Call 855-808-4530 or email GroupSales@alm.com to receive your discount on a new subscription.
On July 18, 2019, a federal grand jury in Cincinnati indicted the former compliance officer of a pharmaceutical distributor, James Barclay, the pharmaceutical distributor, and others with conspiring to illegally distribute controlled substances. Among other things, the indictment alleged that Barclay, who was responsible for supervising the distributor’s compliance with drug laws, and others sold millions of painkiller pills to pharmacies, while regularly exceeding the company’s internal threshold limits and ignoring obvious signs of diversion and abuse. When the company’s internal suspicious order monitoring system flagged many of these orders, Barclay and other defendants allegedly failed to conduct any due diligence or report the suspicious orders to the Drug Enforcement Administration (DEA), as required by law. The Barclay indictment was issued around three months after federal prosecutors in Manhattan brought felony criminal charges against a different drug distributor, its former Chief Compliance Officer (CCO), William Pietruszewski, and others on allegations that they opened new customer accounts without conducting due diligence and sold customers controlled substances despite knowing they were being distributed for illegitimate purposes. On April 19, 2019, Pietruszewski pleaded guilty to conspiracy to distribute controlled substances, conspiracy to defraud the U.S., and willful failure to file suspicious order reports with the DEA.
By Joseph F. Savage Jr. and Christopher J.C. Herbert
In an environment of aggressive federal prosecution and regulation both businesses and public officials are challenged to identify the permissible line between proper financial transactions — things like campaign contributions and business entertainment — and unlawful payments. And, in what the First Circuit called a “novel theory of Hobbs Act extortion,” public officials now have to struggle with the scope of permissible advocacy — when does advocacy for constituents become extortion?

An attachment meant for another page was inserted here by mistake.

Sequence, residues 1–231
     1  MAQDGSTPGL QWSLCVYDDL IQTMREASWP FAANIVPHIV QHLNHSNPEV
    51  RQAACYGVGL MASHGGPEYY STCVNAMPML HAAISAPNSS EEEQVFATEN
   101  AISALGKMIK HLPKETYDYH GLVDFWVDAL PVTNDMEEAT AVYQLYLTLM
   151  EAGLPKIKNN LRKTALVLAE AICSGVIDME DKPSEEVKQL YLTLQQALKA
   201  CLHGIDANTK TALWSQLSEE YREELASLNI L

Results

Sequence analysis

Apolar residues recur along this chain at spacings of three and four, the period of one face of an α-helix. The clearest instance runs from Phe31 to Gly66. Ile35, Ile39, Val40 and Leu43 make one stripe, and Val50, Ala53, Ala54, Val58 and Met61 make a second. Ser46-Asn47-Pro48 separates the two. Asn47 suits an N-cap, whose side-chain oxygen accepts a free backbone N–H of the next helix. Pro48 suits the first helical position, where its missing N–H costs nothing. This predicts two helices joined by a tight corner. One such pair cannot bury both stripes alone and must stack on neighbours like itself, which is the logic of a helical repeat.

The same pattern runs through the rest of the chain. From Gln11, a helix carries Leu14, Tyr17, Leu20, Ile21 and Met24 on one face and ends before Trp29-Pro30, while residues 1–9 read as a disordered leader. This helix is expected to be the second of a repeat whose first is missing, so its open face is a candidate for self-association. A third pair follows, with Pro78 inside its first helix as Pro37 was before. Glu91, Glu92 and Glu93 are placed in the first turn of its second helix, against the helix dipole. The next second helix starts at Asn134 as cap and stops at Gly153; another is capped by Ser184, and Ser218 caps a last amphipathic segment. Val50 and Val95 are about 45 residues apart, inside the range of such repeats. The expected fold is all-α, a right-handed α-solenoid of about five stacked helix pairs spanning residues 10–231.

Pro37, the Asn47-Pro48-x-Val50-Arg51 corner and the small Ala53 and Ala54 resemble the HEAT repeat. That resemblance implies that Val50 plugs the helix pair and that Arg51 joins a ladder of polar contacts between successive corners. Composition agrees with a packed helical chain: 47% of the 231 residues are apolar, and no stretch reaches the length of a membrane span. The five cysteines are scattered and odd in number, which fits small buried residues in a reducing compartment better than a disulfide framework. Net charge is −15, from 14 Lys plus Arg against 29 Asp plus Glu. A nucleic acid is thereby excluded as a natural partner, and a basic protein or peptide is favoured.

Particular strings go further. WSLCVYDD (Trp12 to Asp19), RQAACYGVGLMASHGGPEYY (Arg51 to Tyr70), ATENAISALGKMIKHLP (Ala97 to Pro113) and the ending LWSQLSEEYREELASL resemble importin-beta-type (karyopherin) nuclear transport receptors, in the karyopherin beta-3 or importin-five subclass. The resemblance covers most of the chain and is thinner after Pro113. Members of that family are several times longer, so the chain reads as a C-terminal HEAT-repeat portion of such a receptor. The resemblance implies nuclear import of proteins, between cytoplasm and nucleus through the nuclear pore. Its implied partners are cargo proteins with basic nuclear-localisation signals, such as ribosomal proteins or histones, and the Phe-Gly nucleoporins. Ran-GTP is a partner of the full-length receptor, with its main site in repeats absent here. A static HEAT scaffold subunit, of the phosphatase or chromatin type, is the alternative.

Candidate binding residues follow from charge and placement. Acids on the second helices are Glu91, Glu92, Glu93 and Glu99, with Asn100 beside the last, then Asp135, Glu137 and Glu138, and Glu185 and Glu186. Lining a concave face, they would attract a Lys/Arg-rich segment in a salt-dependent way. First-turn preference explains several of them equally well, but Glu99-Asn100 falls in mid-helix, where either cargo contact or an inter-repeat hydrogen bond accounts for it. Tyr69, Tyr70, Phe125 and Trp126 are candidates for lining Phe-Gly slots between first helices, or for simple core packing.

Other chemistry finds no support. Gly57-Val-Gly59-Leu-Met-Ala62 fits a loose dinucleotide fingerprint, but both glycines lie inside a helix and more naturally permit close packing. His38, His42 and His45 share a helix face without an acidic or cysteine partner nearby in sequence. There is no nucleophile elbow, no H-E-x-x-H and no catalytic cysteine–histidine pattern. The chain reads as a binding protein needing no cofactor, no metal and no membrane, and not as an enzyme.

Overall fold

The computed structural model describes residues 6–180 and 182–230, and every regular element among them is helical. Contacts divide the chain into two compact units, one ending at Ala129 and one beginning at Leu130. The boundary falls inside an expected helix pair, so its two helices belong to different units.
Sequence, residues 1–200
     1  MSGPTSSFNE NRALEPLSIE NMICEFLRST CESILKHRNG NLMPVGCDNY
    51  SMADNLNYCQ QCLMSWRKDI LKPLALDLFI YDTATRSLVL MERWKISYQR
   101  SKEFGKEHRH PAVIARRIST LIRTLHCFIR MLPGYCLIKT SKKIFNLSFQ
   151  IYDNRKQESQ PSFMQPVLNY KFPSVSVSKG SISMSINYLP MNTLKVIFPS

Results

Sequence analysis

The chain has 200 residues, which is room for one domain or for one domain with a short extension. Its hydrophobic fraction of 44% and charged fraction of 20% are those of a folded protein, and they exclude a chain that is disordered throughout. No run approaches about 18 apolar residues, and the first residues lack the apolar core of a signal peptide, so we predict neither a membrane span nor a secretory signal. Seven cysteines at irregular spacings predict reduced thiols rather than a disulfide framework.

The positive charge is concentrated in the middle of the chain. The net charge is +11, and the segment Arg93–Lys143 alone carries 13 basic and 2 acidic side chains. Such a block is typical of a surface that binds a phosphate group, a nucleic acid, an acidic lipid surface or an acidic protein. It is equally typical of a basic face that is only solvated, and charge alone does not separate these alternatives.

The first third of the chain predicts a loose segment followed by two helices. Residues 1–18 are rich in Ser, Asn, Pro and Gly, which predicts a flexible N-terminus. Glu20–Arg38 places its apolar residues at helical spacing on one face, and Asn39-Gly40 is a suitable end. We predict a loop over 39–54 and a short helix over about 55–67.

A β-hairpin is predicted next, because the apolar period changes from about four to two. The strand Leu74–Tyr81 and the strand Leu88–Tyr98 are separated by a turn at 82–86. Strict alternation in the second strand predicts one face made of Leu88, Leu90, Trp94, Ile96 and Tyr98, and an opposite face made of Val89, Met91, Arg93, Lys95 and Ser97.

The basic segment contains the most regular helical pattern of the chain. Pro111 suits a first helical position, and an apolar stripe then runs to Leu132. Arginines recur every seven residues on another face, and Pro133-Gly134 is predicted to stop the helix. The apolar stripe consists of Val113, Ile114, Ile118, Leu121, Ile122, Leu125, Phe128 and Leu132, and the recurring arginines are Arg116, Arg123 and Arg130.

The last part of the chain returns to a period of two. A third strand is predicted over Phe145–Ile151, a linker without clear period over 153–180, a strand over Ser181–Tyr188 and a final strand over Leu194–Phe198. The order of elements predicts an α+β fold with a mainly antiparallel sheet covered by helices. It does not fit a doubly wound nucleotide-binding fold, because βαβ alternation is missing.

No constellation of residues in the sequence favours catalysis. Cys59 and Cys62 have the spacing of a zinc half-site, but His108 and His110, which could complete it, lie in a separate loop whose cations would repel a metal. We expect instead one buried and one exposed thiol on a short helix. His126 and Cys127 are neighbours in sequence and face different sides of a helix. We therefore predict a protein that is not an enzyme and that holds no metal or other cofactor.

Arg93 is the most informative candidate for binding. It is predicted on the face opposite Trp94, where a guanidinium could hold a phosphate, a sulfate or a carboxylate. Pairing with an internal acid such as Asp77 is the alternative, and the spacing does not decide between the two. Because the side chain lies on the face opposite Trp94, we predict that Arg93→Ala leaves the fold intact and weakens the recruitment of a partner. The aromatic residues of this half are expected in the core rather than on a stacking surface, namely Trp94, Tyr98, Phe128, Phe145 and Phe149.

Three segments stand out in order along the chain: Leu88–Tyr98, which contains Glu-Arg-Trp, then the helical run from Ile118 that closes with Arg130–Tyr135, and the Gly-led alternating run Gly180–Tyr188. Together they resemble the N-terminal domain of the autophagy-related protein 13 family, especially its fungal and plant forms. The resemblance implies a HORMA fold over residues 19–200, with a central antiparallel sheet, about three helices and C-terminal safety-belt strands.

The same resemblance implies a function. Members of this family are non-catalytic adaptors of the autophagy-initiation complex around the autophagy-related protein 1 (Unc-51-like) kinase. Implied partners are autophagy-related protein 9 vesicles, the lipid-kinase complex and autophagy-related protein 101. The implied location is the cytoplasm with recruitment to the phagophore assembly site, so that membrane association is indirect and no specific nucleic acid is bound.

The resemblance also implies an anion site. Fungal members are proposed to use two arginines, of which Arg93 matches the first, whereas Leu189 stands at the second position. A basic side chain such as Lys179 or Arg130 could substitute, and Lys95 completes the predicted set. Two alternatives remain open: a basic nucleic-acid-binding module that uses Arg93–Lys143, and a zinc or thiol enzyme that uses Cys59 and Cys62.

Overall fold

By Harry Sandick and Tara Norris
Part One of a Two-Part Article
In its recently ended October Term 2018, the U.S. Supreme Court decided several notable criminal law decisions that will have a meaningful impact on white-collar practitioners’ work and, importantly, offer clues regarding the movement of the criminal law in subsequent terms. In this two-part article, we review several of the key decisions and consider their implications, both for practitioners in this area and for Court-watchers interested in future Court decisions.
By Robert J. Anello and Richard F. Albert
SEC Chairman Jay Clayton recently announced a change in how the SEC will consider requests for waivers of certain serious collateral consequences that would otherwise result from settlement of an SEC enforcement action. These collateral consequences, often referred to as “bad actor” or “bad boy” provisions, can vary greatly and may disqualify an entity from conducting certain business or utilizing certain means to offer securities.
By Juliet Gunev
Canadian Clean Fuel Technology Company and Former CEO Pay $4.1 Million to Settle China Related FCPA Case